'Once in a lifetime' shot: 2 deer freed after locking antlers
CALGARY -- Russ Wright was driving home last Wednesday when he witnessed two deer in his field in the M.D. of Foothills, south of Calgary.
“One was lying down the other was over the top of the other, with his head into the other deer's head,” he said.
“(I was) thinking this is odd, something’s not right.”
He called Alberta Fish and Wildlife, thinking one of the deer must be dead.
Sgt. Scott Kallweit was dispatched to the call and needed a single bullet to free the animals and send them on their way unharmed.
“Scott grabbed his shotgun with some slugs," said Wright. "Just one shot, the deer got up, took off, it was such a cool scene. I’ve never witnessed that in my life, probably never will. It was a once in a lifetime thing.”
For Kallweit, it was just another day on the job.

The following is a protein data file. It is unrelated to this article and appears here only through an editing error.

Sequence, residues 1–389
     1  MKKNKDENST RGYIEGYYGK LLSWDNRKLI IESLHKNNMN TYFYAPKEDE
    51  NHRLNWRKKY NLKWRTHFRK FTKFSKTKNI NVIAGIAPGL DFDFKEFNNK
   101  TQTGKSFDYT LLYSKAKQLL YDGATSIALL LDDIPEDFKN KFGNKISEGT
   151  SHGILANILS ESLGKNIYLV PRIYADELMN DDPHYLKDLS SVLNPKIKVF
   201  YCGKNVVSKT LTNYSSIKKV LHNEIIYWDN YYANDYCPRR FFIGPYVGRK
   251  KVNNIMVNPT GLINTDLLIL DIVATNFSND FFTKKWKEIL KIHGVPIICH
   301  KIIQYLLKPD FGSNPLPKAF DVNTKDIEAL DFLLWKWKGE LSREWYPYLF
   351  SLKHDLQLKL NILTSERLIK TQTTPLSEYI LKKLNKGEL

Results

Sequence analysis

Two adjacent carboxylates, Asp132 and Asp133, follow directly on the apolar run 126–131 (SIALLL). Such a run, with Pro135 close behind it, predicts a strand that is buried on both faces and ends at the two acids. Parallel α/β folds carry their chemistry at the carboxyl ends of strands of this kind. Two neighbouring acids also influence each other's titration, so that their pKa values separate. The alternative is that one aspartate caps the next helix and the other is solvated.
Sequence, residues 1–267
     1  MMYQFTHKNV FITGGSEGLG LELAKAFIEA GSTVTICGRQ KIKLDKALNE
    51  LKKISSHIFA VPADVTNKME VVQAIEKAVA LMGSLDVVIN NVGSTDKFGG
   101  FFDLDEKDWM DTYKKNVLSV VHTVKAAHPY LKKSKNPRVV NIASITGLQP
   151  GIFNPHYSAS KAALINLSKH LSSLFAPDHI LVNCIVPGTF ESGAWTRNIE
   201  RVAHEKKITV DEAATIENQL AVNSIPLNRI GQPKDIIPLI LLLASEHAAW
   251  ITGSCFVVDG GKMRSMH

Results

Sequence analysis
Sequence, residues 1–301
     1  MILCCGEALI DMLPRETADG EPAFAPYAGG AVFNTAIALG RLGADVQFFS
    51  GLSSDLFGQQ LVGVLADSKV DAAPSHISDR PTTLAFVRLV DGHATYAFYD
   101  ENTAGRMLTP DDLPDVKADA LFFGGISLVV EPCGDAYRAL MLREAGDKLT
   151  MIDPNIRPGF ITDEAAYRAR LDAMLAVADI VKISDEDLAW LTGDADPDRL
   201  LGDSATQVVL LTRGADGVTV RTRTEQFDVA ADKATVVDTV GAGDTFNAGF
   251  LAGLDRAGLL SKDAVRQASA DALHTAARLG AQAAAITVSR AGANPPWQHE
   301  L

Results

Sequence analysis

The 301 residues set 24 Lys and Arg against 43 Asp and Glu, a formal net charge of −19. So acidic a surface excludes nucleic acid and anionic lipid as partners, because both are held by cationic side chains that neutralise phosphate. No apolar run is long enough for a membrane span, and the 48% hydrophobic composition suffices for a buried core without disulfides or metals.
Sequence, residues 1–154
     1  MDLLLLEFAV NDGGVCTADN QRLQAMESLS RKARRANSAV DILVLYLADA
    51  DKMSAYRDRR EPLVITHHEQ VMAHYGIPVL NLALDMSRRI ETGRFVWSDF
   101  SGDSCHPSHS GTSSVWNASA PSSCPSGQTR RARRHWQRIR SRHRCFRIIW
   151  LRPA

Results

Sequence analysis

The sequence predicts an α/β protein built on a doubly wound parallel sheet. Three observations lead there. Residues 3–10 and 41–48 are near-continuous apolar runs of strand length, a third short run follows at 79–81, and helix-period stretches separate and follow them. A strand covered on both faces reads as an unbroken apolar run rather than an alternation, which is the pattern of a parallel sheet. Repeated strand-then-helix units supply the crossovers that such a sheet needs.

"The shot was definitely dynamic but it is simply a matter of waiting for a good opportunity when both deer are still, and a safe shot can be made," he said.
"This is not the first time this has been done, and officers have successfully freed deer using this method before. Every situation is different. In some cases, it may be safer to free the animals by cutting the antlers with a saw, but officers would have to get very close to the agitated animal. In this case, this was not an option.
"If the deer were unable to separate from one another, there was a risk one or both animals die from exhaustion or other injuries."
An avid hunter himself, Wright runs a local taxidermy shop on his property.
He has seen many deer not make it and with hunting season coming to an end, he says he was thrilled to see these two still alive.
“For them to make it this far and have to die a death like that, we were so happy to see them go, just to see them move on and live another day,” said Wright.
Wright says it's not common to see two male deer lock antlers outside of breeding season.
“They fight during the breeding season, but now they’re losing their antlers and not fighting so much anymore, this was kind of a one-off," he said.
The broken antler is with Kallweit. Wright says he has not seen the deer return to his property.